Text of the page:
LINGUIST List 12.1656

Mon Jun 25 2001

All: Obituary: Lou Fant

Editor for this issue: Jody Huellmantel <>


  1. Mark_Mandel, Obituary: Lou Fant

Message 1: Obituary: Lou Fant

Date: Mon, 25 Jun 2001 11:09:48 -0400
From: Mark_Mandel <>
Subject: Obituary: Lou Fant

>From the New York Times. The article is on line at
, but that URL may not work after today, June 25.

I studied with Lou one summer at Cal State Northridge. He will be greatly

 Mark A. Mandel : Dragon Systems, a Lernout & Hauspie company : Senior Linguist
 320 Nevada St., Newton, MA 02460, USA :


Louis Fant, Who Helped Start the National Theater of the Deaf, Dies at 69


SEATTLE, June 24 -- Louis Fant, a hearing child of deaf parents who
helped found the National Theater of the Deaf in Waterford, Conn.,
died here on June 11. He was 69.

The cause was complications from pulmonary fibrosis, his family said.

Mr. Fant learned sign language before he learned to speak.

"I always considered sign language to be his mother tongue," his
youngest son, Lorn Fant, said in a telephone interview. "Getting sign
language out there was a big part of what he did. People saw that it
really is a beautiful language."

Louis Fant was born in Greenville, S.C., went to Baylor University,
planning a career in ministry for the hearing-impaired, and earned a
master's degree in teaching at Columbia University. He taught
elementary school students at the New York School for the Deaf before
joining the faculty at Gallaudet University in Washington, where he
developed an interest in theater.

In 1967 he helped found the National Theater of the Deaf in
Waterford. He toured with the group for three years as an actor,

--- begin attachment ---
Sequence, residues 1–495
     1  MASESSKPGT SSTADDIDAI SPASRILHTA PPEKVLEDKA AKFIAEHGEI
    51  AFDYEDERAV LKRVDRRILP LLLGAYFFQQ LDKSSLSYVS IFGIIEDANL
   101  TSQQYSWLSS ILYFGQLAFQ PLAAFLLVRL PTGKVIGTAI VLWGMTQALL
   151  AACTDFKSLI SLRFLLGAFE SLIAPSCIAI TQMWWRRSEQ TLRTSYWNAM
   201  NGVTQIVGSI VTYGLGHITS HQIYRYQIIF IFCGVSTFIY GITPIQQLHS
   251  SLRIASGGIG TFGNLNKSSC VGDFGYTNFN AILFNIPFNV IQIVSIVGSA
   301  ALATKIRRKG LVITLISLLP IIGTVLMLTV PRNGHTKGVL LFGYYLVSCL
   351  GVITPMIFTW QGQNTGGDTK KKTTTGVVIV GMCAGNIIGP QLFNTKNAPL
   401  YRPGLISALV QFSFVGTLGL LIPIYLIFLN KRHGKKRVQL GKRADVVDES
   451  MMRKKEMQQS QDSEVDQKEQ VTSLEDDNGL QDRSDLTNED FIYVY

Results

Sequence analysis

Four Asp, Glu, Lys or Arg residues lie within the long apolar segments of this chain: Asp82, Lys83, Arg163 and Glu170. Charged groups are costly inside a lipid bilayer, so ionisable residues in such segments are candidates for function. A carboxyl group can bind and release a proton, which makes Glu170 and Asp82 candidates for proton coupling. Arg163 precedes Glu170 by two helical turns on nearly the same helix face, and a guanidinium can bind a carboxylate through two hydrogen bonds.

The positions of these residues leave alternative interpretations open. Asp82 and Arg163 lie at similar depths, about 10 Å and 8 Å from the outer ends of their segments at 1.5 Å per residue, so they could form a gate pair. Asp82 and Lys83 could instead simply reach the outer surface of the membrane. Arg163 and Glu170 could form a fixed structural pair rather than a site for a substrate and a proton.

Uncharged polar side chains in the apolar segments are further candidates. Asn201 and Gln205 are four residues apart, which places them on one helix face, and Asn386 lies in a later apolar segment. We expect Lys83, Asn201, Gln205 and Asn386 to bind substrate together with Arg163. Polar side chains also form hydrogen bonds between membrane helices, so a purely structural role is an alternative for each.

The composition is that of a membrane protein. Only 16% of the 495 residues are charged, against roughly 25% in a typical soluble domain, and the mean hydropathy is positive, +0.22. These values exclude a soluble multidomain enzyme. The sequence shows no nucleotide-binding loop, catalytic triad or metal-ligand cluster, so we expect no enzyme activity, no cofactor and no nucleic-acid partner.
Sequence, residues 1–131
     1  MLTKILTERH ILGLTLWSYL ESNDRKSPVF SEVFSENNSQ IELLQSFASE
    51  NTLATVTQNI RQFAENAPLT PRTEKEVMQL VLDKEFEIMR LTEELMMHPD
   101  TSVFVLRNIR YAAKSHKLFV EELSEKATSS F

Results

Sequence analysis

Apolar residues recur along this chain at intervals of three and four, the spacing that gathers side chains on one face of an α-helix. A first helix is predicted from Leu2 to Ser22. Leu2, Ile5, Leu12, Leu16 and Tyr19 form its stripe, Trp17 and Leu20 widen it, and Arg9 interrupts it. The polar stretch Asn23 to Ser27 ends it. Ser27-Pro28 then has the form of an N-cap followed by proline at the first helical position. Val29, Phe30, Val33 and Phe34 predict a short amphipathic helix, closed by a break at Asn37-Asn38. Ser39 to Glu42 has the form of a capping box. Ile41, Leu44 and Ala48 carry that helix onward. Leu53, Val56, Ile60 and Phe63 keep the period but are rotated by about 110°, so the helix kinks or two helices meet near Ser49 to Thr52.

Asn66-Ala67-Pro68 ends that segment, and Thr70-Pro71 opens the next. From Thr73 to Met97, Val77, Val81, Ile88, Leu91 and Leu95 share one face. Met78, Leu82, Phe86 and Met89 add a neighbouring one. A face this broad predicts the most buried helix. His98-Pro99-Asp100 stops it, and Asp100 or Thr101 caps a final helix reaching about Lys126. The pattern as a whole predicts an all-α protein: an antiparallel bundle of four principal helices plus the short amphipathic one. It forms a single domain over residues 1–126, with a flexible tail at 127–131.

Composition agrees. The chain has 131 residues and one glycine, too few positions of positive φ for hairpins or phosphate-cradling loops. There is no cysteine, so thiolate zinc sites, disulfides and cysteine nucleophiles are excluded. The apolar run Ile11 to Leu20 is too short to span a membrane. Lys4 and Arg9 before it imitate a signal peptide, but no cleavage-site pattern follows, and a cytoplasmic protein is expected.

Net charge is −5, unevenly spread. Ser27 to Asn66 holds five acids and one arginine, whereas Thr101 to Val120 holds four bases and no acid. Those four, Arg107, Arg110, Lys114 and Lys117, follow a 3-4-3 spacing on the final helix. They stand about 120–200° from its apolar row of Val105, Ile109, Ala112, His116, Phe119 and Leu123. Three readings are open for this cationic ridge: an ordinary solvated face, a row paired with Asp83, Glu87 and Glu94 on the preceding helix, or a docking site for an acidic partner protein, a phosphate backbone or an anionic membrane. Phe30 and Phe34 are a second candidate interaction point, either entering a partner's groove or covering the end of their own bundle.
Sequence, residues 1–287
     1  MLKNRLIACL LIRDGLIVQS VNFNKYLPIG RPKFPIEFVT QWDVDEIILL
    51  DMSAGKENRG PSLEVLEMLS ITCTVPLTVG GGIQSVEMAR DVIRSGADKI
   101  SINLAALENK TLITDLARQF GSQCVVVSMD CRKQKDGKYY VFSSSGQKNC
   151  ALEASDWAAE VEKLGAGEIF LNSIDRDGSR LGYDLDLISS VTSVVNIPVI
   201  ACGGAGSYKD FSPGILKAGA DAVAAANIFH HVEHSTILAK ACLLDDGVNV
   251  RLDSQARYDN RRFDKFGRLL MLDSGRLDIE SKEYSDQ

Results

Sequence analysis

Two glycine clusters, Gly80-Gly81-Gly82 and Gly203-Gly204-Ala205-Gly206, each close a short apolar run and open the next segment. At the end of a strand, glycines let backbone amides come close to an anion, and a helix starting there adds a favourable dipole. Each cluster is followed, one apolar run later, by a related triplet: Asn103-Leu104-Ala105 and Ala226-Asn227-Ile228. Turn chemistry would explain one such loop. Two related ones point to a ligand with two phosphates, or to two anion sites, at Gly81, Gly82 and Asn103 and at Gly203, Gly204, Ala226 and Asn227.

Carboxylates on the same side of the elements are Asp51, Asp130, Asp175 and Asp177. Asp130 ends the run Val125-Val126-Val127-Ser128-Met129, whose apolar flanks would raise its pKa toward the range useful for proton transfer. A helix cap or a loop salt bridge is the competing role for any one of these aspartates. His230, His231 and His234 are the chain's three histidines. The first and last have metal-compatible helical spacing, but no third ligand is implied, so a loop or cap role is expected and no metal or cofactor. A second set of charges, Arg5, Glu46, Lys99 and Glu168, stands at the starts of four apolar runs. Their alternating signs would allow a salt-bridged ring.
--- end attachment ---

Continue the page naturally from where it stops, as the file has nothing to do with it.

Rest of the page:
interpreter, translator, narrator and administrator.

"It's broken down a lot of barriers, made hearing people aware of deaf
people, and that they have something to offer in theater, dance, art,
literature," Mr. Fant once told The Los Angeles Times.

He moved to California in the 1970's to pursue an acting career. He
appeared in local theater productions, in television shows including
"Little House on the Prairie" and "Cheers," and in films, including
"Looking for Mr. Goodbar."

He also worked as a consultant and sign-language coach for actors like
Diane Keaton, Henry Winkler and John Rubenstein, and was a coach on
the set of the movie "Children of a Lesser God." He conducted seminars
and wrote books on sign language, including "The American Sign
Language Phrase Book."

His son said that Mr. Fant grew disenchanted with Hollywood in the
late 1980's and moved to Seattle, where he taught sign language,
training and interpreting. He also taught at Seattle Central Community
College until his retirement last year.

Mr. Fant is survived by his wife, Barbara Bernstein, and four children.
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